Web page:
Iwill KD266 ALi M1649 Motherboard Review
Features and Layout
This content was originally featured on Amdmb.com and has been converted to PC Perspective's website. Some color changes and flaws may appear.One of the first things I noticed about this board upon opening the box is the small PCB size that is uses. Not since my review of the Soltek KX133 motherboard have I seen as compact a motherboard. Measuring 305mm x 193mm, the width of the motherboard allows for the most possible compatibility with OEM systems and system builders, which is where Iwill is targeting the KD266.
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Physically, Iwill has done a good job placing things on a such a smaller surface area. Starting at the top, the ATX power connector is kept out of the way of the DIMM slots as well as the CPU socket, which will keep it out of the heatsink’s way. The ZIF socket area is also well placed leaving enough room for easy heatsink installations and removals.
Three 168-pin DIMM slots are the used to implement the PC100/PC133 SDRAM support. Those of you familiar with the ALi chipsets will want to take note that the KD266 does not support DDR SDRAM. In fact, that is the one differentiating factor when you compare the M1649 to the M1647 chipset.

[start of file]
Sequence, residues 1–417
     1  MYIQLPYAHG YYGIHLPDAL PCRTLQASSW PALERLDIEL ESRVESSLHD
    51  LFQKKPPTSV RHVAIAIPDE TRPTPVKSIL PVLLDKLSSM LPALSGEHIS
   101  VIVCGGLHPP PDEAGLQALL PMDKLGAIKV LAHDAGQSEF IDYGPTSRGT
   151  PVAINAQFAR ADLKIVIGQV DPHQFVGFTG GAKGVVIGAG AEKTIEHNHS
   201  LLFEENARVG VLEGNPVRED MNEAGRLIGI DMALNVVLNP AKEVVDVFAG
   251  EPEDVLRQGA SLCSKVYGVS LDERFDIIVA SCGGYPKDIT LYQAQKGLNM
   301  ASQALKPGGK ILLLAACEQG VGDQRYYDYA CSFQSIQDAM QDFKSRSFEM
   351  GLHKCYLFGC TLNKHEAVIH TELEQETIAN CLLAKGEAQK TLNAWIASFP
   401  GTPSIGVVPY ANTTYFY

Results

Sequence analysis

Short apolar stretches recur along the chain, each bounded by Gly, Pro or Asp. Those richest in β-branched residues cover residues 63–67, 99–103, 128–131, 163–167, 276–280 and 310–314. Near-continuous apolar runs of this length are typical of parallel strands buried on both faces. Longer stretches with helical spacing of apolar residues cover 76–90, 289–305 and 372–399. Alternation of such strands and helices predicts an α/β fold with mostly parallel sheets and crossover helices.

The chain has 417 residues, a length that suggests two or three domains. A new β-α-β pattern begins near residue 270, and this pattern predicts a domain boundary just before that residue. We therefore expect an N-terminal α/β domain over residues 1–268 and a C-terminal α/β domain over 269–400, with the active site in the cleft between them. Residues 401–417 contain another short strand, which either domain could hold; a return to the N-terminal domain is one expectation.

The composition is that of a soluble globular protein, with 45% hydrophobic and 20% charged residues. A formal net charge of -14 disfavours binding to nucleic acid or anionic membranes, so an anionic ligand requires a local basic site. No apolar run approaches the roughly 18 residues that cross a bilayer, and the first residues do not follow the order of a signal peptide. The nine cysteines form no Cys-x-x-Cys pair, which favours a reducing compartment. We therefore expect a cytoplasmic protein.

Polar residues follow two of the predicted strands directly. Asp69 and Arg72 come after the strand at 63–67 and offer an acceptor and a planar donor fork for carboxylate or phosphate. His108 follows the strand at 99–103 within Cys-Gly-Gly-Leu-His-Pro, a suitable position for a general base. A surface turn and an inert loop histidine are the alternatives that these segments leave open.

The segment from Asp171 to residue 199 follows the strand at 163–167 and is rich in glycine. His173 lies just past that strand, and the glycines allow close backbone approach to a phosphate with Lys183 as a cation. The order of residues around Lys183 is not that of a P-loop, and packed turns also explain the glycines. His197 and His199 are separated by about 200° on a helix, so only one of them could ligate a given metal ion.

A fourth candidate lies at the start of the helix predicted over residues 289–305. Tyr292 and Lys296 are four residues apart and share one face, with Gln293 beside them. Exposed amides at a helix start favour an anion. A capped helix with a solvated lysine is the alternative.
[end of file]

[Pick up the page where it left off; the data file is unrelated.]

Directly to the right, you can see the two ATA100 IDE ports and single floppy connector. These are the standard features of the 1535D southbridge. They are a bit higher placed than I prefer, but for the market that Iwill is approaching with these boards, OEMs, initial installation is usually the only installation. Thus, the placement of the IDE ports makes little difference in a motherboard purchasing decision. Iwill decided against using the 1535D feature of the AC’97 on-board, and for what reason I cannot tell you. It would seem to me that to field to an OEM and cheap system build market; they could have used this feature to their advantage.
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The slot configuration of the KD266 motherboard is in the nice 6/0/1/0 (PCI/ISA/AGP/AMR) format. Again, for the market they are after, I am bit perplexed by Iwill’s lack of installing an AMR port. While few to any custom built home PC use them, OEMs are very found of an AMR port to lower costs.
Also take note that there are four fan headers, twice as many as other KT133A motherboards I have reviewed, and there are no dipswitches or jumpers on the board with the exception of CMOS clear. All the CPU settings are done the in the bios.